werner at almesberger.net
Mon Jun 6 10:57:24 EDT 2011
Jane Andreas wrote:
> I guess what I am trying to clear up is the rationale behind the
> current Ben CPU
I think it's mainly the result of opportunity - a CPU that's not too
nasty, for which an inexpensive device exists, and where the makers
of the device agreed to sub-license the design under acceptable
terms, make small changes, and produce the device in affortable
For a small company like Sharism, finding anything that has all
these characteristics probably wasn't trivial.
I think we all can find numerous shortcomings in the Ben and its
components. But what matters most is that Wolfgang and his tiny team
managed to have a working product to form the basis for further work
in extremely short time. Better an ugly duckling in the hand than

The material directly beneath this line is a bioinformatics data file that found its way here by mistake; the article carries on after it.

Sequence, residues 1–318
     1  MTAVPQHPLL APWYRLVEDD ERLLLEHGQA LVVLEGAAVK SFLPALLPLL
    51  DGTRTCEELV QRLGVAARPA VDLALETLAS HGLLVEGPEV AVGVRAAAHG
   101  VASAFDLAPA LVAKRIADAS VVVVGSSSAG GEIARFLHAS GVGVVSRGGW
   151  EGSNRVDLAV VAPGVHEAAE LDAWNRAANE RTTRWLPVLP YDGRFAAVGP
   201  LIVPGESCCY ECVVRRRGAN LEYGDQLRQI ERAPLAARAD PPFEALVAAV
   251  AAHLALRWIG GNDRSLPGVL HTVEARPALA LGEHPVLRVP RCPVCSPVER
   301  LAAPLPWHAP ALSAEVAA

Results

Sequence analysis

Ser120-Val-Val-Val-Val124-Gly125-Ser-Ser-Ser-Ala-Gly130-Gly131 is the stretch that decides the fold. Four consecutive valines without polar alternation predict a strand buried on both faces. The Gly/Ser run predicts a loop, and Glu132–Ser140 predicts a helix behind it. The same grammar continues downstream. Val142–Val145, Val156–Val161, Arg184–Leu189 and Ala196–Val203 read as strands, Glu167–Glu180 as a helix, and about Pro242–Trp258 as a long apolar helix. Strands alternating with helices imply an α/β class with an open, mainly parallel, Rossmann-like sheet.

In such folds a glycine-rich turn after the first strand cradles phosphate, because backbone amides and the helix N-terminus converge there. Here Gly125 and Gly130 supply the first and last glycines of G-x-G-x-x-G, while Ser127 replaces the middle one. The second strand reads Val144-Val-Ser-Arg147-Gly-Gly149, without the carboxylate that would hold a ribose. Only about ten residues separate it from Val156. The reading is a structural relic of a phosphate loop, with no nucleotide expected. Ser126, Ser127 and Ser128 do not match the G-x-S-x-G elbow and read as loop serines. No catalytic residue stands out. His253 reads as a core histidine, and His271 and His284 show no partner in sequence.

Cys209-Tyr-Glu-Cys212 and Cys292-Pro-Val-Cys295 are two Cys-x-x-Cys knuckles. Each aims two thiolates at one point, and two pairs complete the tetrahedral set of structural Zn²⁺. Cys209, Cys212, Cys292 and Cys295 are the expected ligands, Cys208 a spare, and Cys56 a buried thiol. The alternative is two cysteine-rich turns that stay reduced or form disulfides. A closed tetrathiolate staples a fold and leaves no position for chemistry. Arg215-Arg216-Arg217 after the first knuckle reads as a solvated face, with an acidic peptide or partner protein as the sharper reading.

"perfect" grand castles in the sky . Besides, you never know what
grows out of these ducklings.
Regarding CPU loyalty, I think there are several architectures with
readily available chips that are quite comparable and sadly all
imperfect when it comes to freedom.
And then there are more open architectures, for which no suitable
ASICs exist. So in terms of pragmatism, MIPS doesn't seem a bad
choice to me. ARM would be about the same.
I also wouldn't dismiss an FPGA-centric design as a viable approach
for a general-purpose SoC so quickly. I think the potential of
implementing code in hardware is rather under-explored, in no small
part thanks to the secrecy the FPGA makers surround their synthesis
and routing with.
In a better world, we'd be working on a Ben successor now. Perhaps
with yet another Ingenic CPU (Ingenic have more powerful chips than
the Ben's 4720, and even the capabilities of the 4720 aren't fully
used in the Ben). There are many aspects of Open Hardware besides
the CPU that still need to be addressed. A while ago, I drew this
little chart of what levels of openness the various projects in the
qi-hardware universe have achieved:
Sebastien will probably object to the "MilkyMist Two" ;-) That's
just my projection of what shortcomings in terms of openness
existing in M1 would be worth addressing.
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